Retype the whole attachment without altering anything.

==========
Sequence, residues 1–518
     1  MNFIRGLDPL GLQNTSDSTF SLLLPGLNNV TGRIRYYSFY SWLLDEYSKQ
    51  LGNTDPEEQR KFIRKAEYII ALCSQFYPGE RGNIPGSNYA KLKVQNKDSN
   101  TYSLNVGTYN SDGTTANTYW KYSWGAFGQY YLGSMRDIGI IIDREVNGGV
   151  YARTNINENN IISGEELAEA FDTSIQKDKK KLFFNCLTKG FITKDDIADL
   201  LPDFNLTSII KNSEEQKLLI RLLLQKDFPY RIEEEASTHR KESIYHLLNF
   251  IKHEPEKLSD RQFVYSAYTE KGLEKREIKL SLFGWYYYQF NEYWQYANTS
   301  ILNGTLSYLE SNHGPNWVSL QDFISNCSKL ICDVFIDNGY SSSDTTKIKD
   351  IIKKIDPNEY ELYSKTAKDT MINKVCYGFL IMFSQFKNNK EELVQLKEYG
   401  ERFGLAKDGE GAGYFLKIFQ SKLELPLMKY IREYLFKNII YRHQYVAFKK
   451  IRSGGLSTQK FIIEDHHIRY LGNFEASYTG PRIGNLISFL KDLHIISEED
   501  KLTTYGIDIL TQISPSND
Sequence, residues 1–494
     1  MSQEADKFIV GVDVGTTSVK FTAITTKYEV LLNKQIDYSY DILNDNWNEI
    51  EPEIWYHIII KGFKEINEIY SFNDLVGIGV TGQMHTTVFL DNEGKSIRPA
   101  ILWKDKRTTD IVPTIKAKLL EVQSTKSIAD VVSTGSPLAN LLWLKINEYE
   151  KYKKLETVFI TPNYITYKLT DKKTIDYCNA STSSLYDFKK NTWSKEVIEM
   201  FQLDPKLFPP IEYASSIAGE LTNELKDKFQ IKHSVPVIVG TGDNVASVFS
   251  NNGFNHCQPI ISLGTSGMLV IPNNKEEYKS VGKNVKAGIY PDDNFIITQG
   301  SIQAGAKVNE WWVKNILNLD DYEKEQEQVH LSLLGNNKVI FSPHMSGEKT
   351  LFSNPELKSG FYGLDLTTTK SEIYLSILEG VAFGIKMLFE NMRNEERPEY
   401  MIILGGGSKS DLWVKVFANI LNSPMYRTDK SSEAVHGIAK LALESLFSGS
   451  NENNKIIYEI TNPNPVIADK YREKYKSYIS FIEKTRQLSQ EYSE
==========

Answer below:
Sequence, residues 1–518
     1  MNFIRGLDPL GLQNTSDSTF SLLLPGLNNV TGRIRYYSFY SWLLDEYSKQ
    51  LGNTDPEEQR KFIRKAEYII ALCSQFYPGE RGNIPGSNYA KLKVQNKDSN
   101  TYSLNVGTYN SDGTTANTYW KYSWGAFGQY YLGSMRDIGI IIDREVNGGV
   151  YARTNINENN IISGEELAEA FDTSIQKDKK KLFFNCLTKG FITKDDIADL
   201  LPDFNLTSII KNSEEQKLLI RLLLQKDFPY RIEEEASTHR KESIYHLLNF
   251  IKHEPEKLSD RQFVYSAYTE KGLEKREIKL SLFGWYYYQF NEYWQYANTS
   301  ILNGTLSYLE SNHGPNWVSL QDFISNCSKL ICDVFIDNGY SSSDTTKIKD
   351  IIKKIDPNEY ELYSKTAKDT MINKVCYGFL IMFSQFKNNK EELVQLKEYG
   401  ERFGLAKDGE GAGYFLKIFQ SKLELPLMKY IREYLFKNII YRHQYVAFKK
   451  IRSGGLSTQK FIIEDHHIRY LGNFEASYTG PRIGNLISFL KDLHIISEED
   501  KLTTYGIDIL TQISPSND
Sequence, residues 1–494
     1  MSQEADKFIV GVDVGTTSVK FTAITTKYEV LLNKQIDYSY DILNDNWNEI
    51  EPEIWYHIII KGFKEINEIY SFNDLVGIGV TGQMHTTVFL DNEGKSIRPA
   101  ILWKDKRTTD IVPTIKAKLL EVQSTKSIAD VVSTGSPLAN LLWLKINEYE
   151  KYKKLETVFI TPNYITYKLT DKKTIDYCNA STSSLYDFKK NTWSKEVIEM
   201  FQLDPKLFPP IEYASSIAGE LTNELKDKFQ IKHSVPVIVG TGDNVASVFS
   251  NNGFNHCQPI ISLGTSGMLV IPNNKEEYKS VGKNVKAGIY PDDNFIITQG
   301  SIQAGAKVNE WWVKNILNLD DYEKEQEQVH LSLLGNNKVI FSPHMSGEKT
   351  LFSNPELKSG FYGLDLTTTK SEIYLSILEG VAFGIKMLFE NMRNEERPEY
   401  MIILGGGSKS DLWVKVFANI LNSPMYRTDK SSEAVHGIAK LALESLFSGS
   451  NENNKIIYEI TNPNPVIADK YREKYKSYIS FIEKTRQLSQ EYSE